In the center of our table at the taverna, a wire basket held squares of sesame seed-crusted flatbread. I figured it was appetizer bread, the typical hunger alleviator restaurants offer before a meal. I was right and wrong.
“It’s called Lagana,” Spyros said as we pushed our seats under the table. “Bakeries and churches make it on Clean Monday. It’s nice with taramosalata.”
It was 2008 and Spyros and I had joined his family at a taverna just outside of Delphi for a Clean Monday lunch. I took a Lagana square and broke off a piece. The sesame seeds crunched under my teeth while the soft bread dissolved on my tongue. It had a neutral but rich flavor, like Italian focaccia. Later when the waiter arrived with a small dish of taramosalata, I spread a thick layer on a second square. As with many foods in Greece, I began to wish Greeks made Lagana year-round.
Stomachs and spirits satisfied, we headed back to Athens. When we arrived at our apartment, I pulled on my shoes for a quick run before sunset. When I returned, I noticed a brown paper bakery bag on the kitchen counter.
“What’s this?” I asked Spyros, who had been fixing our sofa’s warped wood.
“I stopped at the bakery and bought us some Lagana,” he said, stopping his work. “It’s good with coffee, for breakfast. And we won’t get Lagana for another year.”
I smiled–grateful for the surprise. Although the next day would bring the start of another work week, I looked forward to waking up and eating Lagana, thanks to Spyros. He had (and has) a way of making the everyday, less so.
The next morning, I sat at our darkened kitchen bar and munched on Lagana between sips of coffee. I felt warm eating it, whole. It was a feeling that stayed as I tended to the kids at the nursery and, later, during my after-school English classes. This is something I remember when I eat Lagana now.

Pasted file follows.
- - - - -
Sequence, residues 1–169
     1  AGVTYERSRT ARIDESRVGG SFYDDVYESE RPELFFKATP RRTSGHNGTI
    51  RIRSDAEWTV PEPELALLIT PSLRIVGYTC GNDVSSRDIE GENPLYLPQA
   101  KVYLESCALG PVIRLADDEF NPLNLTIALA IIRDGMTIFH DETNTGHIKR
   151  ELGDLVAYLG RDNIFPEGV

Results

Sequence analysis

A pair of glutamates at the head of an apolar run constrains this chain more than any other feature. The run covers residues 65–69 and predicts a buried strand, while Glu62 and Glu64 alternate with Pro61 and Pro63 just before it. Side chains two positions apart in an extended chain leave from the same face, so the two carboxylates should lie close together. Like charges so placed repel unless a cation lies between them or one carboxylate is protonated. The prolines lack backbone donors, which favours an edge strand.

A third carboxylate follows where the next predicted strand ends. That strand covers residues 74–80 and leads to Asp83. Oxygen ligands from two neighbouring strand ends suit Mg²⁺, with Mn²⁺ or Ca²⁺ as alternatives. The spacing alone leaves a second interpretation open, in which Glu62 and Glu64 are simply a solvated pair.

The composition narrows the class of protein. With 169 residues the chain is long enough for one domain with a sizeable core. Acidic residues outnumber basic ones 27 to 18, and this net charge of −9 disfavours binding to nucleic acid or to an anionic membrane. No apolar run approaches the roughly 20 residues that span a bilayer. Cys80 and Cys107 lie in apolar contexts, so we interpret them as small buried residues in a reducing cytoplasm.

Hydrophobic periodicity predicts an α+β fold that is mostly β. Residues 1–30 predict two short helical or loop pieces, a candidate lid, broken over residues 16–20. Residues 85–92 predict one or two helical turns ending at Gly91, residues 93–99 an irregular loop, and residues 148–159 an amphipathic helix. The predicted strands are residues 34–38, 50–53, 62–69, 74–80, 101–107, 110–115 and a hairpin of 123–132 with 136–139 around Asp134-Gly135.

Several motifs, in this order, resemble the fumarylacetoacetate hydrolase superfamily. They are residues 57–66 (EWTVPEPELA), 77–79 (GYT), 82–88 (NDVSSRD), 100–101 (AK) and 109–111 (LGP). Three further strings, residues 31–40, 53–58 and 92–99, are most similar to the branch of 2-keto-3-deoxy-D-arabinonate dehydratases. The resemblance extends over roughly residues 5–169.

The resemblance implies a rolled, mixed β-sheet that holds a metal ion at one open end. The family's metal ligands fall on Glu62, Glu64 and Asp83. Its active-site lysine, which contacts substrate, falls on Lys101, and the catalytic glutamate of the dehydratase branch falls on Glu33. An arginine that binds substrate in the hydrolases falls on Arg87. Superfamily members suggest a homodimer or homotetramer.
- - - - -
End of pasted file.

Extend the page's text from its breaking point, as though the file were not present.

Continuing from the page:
For this year’s Clean Monday, in addition to the taramosalata I posted about here, I also made Lagana. It’s an easy bread and, apart from the rising time, needs only about 15 minutes of active work. The fun part is making like a naughty child and digging your fingers into the dough before it bakes.
Although Clean Monday took place about two weeks ago, I still think Lagana is a worthy recipe to share and make, regardless of the time of year. As Spyros suggests, it’s a good breakfast bread when toasted or zapped in the microwave. I’ve eaten it at room temperature, in the car on the way to work (which was great). It also tastes nice beside bean salads and dunked in soups. Anywhere you might eat bread, Lagana fits in. I hope you’ll give it a try 🙂
*Adapted from Food From Many Greek Kitchens by Tessa Kirrou
Makes 1 bread
1 package active dried yeast
7 oz. warm water (105-110oF)
¼ teaspoon sugar
2 2/3 cups bread flour
½ teaspoon salt
¼ cup olive oil
For the topping:
1 tablespoon flour
1 tablespoon olive oil
¼ teaspoon salt
½ tablespoon sesame seeds
2 tablespoons water
- Whisk the yeast, sugar, and water together in a large mixing bowl. Set aside until the yeast has activated and the surface has become covered with bubbles.
- Pour in the flour, salt and olive oil and stir with the dough hook of an electric mixer on low-medium speed until a dough forms and pulls away from the sides of the bowl. Knead on a lightly floured surface until smooth and elastic, about 6-7 minutes.
- Place the dough in a lightly oiled bowl and cover with a tea-towel in a warm, draft-free space for about 2 ½ hours or until doubled in size.
- Line a baking sheet with parchment paper. Punch the dough down and place in the center of the prepared baking pan. With your hands, pat the dough into a 9 x 13 inch rectangle, about 3/8 inch thick. Press your fingers into the dough to make many small holes over the surface. Cover with tea towels and allow it to rest for 30 minutes.
- Whisk the topping ingredients in a small bowl and brush over the dough’s surface. Bake in a 400oF (200oC) oven for 20 minutes or until golden.